Navy reservist Lt. Marlon Terrell recently launched RepayVets, a Laurel, Md.-based crowd-funding site poised to help military veterans start businesses. Like Kickstarter and Indiegogo, RepayVets currently uses a perks-based model, but is limited to projects brought by veterans or servicemen. While the site has funded a handful of projects using the donation-based model — including a piece of athletic equipment manufactured and designed by a veteran — Terrell thinks equity-based crowdfunding will be essential to the success of his business and the ideas of his customers.

“Military members are not going to get as much service from the [donation] process because the type of businesses they have aren’t built for that. They don’t have as many products,” he said.

Perks-based donations tend to be much more useful for people creating discrete projects, whereas businesses can better use equity investment, Terrell said. He expects significantly more traffic to his site once equity investments are allowed.

In Terrell’s experience, the ratio of business to product pitches is about 80 to 20 percent.

“There is no lack of veteran entrepreneurs, but there is a shortage of the ones who have a real product,” he said.

Instead of developing a perks-based model, crowdfunder is using the interim period to lay the foundations for social networks before it plunges into equity-based crowdfunding.

While waiting for the regulations, startups are using the platform to raise social capital — or building and accumulating personal relationships— which could eventually lead to investments. Crowdfunder has registered 8,000 investors with $17 billion in potential investment capability and 4,000 founders with specific fundraising goals — these investors and founders are encouraged to connect with each other before the regulations are released. Both investors and founders can make profiles based on their interests, fundraising goals and ideas.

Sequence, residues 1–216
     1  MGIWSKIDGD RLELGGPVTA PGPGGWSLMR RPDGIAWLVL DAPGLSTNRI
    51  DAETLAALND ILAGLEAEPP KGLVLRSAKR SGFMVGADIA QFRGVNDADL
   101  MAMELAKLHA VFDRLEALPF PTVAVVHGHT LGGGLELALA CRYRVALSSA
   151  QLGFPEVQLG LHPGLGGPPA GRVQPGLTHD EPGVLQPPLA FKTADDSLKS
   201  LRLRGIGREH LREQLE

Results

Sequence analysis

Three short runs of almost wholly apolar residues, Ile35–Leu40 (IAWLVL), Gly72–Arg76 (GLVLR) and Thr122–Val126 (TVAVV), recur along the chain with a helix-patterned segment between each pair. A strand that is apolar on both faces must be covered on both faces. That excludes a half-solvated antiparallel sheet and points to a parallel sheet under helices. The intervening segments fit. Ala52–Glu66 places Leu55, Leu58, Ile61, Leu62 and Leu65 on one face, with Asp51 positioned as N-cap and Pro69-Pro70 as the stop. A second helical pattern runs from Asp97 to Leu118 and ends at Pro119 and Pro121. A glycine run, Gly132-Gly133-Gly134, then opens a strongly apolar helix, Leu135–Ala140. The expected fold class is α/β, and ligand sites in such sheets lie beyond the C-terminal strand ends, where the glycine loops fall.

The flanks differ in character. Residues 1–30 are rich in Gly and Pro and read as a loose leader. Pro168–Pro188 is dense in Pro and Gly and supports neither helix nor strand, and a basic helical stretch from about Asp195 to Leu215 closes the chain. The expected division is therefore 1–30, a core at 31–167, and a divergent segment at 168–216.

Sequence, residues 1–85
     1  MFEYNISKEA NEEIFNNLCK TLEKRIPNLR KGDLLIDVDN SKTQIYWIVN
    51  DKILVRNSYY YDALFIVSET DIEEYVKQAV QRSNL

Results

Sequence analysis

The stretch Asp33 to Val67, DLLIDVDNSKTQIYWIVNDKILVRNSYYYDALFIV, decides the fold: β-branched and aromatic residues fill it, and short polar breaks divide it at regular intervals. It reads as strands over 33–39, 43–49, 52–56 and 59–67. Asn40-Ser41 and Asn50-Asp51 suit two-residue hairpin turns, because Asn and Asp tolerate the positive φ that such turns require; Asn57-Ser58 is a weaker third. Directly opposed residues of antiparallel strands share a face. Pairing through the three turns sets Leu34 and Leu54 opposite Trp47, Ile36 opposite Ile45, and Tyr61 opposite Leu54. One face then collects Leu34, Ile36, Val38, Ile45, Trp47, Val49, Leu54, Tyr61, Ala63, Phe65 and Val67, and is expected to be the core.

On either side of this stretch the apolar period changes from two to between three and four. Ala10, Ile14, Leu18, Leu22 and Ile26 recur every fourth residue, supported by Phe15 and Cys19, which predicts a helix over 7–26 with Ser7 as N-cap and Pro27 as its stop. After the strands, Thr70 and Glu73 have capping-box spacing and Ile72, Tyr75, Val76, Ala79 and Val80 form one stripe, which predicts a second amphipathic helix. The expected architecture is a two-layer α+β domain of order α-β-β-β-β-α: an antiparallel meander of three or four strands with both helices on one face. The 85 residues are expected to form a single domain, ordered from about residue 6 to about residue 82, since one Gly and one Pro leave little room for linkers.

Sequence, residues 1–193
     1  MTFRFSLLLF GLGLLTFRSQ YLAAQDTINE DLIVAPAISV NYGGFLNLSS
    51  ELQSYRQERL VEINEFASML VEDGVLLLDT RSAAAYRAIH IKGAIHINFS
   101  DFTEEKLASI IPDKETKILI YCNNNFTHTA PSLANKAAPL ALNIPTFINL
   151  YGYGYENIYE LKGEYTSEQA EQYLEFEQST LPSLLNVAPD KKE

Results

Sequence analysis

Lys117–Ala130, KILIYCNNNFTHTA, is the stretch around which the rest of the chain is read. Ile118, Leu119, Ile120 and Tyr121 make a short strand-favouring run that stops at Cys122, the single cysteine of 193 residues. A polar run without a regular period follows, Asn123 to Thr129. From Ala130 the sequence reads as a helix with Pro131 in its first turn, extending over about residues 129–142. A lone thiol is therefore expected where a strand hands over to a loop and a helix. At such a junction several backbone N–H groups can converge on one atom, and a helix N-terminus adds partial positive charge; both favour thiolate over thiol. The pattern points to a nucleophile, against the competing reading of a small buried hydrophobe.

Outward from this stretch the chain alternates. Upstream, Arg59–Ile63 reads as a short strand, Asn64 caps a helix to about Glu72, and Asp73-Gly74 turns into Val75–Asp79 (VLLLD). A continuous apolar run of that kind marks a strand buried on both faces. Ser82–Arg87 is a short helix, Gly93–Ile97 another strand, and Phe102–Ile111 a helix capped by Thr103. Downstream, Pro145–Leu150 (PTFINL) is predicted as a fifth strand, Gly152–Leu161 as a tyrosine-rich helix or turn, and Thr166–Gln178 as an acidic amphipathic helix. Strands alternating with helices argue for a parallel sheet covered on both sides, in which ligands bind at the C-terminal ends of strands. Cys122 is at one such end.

Chief Strategy Officer DJ Paul has been meeting with the SEC and is on the board of the trade assocations Crowdfund Intermediary Regulatory Advocates and the Crowd-funding Professional Association. Having interacted with other nascent crowdfunding platforms, Paul noticed that many don’t consider crowdfunding to be as closely tied with the securities industry as it actually is, he said. Some also may not have fully considered the costs of operating as an intermediary, which involves a lot of compliance-related expenses.

Unsuccessful platforms will likely fail because of a “cultural problem”, he predicted. Some people — mostly from the East Coast — are entering the crowdfunding industry from a securities background, while many more — mostly from the West Coast — come from the tech world. The most successful crowdfunding intermediaries, he says, will be the “happy marriage of those cultures – most are in one side or the other of those cultures.”

Though funding portals like crowdfunder are explicitly forbidden from giving out investment advice, another factor determining a platform’s success will be the ability of users to share investment advice with each other, said chief executive Chance Barnett.

“The direction of crowdfunding is hinged on people’s physical networks, not virtual ones” — because people are likely to support the businesses of people they know and trust, Barnett predicts.